KEY BISCAYNE — Caroline Wozniacki enjoyed her first victory over Serena Williams, winning 6-4, 6-4 at the Sony Ericsson Open on yesterday to set up a semi-final clash with Maria Sharapova.
Wozniacki had lost all of her three previous meetings with the American but was on top early, breaking in the third game of the first set.
The Dane broke at the same stage of the second set, with a brilliant forehand winner down the line, and she looked set to run away with the match as she went 4-1 up with another break.
Williams, a five-times winner of this event, broke back to trail 5-3, but Wozniacki kept her focus at the end to wrap the game up.
“I think she definitely served the best she served in her career,” said Williams, who was critical of her own mistakes.
“I just made a lot of errors. I just made a tremendous amount of errors. There’s no reason for that,” she said. “I’m older and I shouldn’t do that. There’s no excuse. I’ve just got to stop that. It’s silly.”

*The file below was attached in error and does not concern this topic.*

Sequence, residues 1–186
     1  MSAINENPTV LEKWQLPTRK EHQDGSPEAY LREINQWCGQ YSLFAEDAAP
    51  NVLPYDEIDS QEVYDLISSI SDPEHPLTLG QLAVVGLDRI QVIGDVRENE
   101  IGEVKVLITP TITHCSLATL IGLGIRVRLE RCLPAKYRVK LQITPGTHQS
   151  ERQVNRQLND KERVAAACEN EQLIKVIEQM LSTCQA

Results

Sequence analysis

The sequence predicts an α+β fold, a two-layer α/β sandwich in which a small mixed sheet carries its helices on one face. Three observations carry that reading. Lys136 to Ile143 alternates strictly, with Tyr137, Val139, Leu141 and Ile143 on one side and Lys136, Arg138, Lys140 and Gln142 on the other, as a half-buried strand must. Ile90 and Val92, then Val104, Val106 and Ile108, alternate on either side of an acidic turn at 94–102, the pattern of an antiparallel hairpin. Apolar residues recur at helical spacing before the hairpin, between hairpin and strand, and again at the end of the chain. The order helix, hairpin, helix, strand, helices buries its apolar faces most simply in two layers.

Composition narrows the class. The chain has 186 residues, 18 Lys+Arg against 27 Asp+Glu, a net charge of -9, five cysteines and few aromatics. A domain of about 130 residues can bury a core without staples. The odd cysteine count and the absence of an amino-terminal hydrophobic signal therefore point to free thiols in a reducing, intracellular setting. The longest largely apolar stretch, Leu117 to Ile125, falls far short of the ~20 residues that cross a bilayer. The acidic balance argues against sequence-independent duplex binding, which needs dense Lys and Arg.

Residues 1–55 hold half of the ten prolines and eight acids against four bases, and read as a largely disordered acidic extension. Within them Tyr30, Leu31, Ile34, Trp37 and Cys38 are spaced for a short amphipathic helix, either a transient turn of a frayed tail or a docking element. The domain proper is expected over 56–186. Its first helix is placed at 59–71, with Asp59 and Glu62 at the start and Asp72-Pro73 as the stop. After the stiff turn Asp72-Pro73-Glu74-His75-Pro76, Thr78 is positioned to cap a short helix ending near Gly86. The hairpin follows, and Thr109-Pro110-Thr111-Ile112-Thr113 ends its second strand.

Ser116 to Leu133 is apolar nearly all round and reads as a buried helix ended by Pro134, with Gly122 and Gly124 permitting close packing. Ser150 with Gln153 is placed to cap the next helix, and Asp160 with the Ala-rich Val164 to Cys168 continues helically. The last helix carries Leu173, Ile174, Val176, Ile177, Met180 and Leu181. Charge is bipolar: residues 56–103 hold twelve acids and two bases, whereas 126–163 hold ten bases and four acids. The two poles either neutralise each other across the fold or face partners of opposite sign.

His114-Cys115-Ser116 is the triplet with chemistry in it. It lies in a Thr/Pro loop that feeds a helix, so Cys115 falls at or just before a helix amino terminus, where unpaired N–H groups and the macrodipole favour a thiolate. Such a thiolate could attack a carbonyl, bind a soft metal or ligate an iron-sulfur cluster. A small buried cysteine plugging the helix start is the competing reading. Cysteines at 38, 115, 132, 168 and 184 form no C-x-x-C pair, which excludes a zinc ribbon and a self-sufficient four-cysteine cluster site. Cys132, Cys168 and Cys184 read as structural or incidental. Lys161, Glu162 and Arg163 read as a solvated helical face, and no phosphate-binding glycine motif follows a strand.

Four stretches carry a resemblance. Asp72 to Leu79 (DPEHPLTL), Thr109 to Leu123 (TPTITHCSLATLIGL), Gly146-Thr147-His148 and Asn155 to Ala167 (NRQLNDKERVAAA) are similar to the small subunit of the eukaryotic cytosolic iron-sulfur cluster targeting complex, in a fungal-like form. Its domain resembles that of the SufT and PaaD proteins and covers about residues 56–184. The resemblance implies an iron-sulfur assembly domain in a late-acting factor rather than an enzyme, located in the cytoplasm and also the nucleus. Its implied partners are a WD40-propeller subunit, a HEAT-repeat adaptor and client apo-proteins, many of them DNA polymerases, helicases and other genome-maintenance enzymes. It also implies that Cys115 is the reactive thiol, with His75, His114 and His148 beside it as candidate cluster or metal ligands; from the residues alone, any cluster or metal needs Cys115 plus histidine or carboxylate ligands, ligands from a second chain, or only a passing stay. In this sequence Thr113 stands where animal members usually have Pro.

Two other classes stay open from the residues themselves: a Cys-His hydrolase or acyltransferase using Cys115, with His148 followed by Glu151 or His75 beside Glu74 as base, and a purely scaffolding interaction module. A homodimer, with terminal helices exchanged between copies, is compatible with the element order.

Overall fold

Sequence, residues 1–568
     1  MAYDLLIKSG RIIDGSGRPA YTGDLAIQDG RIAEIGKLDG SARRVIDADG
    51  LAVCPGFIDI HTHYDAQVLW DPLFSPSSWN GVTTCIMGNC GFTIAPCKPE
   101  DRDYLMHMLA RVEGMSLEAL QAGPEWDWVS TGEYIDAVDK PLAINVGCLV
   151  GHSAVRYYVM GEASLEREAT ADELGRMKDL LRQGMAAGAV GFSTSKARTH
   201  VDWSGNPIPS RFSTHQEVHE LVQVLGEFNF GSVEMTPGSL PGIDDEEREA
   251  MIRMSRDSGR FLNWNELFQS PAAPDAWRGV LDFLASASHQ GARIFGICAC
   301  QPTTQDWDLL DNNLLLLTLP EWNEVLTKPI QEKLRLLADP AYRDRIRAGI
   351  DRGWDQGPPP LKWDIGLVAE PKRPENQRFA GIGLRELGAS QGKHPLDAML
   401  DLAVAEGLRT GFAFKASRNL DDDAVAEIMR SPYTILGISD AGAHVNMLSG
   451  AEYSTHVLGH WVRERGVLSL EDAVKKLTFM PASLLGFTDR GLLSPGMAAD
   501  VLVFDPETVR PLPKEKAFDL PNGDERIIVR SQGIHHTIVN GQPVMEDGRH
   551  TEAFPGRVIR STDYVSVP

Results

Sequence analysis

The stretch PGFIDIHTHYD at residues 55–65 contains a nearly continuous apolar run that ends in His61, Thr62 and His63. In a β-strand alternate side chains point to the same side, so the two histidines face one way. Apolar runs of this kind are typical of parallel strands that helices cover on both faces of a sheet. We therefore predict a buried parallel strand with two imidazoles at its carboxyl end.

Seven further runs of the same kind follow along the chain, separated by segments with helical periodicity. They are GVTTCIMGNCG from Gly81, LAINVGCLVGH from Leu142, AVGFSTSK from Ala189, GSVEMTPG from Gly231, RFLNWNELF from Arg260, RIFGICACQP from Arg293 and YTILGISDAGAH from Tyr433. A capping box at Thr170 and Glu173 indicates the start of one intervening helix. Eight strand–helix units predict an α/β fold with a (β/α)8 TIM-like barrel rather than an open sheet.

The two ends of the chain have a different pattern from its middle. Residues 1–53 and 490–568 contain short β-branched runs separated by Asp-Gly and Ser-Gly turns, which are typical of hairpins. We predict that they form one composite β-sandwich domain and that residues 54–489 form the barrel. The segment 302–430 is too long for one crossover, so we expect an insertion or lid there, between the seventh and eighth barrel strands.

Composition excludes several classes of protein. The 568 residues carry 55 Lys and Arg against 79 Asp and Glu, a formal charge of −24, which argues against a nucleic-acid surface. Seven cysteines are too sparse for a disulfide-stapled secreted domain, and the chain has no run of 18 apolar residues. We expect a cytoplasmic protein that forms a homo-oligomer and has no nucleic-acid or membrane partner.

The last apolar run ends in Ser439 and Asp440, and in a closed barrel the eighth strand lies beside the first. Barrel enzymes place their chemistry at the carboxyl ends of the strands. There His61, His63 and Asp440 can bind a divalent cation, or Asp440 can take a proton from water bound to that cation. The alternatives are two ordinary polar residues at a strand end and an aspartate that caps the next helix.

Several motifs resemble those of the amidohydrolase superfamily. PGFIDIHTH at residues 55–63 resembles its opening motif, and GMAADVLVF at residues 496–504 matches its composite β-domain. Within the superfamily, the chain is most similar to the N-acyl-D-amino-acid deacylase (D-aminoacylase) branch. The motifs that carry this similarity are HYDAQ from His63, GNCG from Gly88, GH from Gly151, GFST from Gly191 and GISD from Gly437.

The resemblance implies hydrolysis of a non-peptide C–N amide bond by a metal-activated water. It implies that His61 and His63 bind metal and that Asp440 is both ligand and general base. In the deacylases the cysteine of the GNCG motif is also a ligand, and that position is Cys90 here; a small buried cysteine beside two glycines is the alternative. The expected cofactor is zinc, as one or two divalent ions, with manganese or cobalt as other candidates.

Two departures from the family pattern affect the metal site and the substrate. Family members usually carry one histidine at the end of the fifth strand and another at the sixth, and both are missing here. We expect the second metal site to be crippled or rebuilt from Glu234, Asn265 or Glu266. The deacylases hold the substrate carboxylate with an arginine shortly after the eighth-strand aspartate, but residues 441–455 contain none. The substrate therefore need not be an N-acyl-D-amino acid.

Wozniacki said the victory would give her a major boost as she tries to work her way back to number one.
“It definitely gives you confidence. Hard work always pays off, so, you know, I just need to keep going, keep working hard, and there’s always room for improvements,” she said.
Second seed Sharapova eased into the semi-finals after ending her jinx against China’s Li Na with a convincing 6-3, 6-0 win.
The Russian had lost her previous four meetings with Li in straight sets, including the semi-finals of last year’s French Open, but needed just 68 minutes to seal victory on yesterday.
“I came into this match having lost to her the last few times. I just really wanted to change that, so I was extremely focused and looking forward to the match,” said Sharapova.
“I was just really consistent today in those conditions where, you know, it’s a little gusty and blowing around and I was facing a tough opponent.”
It was a scrappy start to the encounter with the first five games all being broken before Sharapova eased into her baseline game and won eight consecutive games to emerge victorious. —Reuters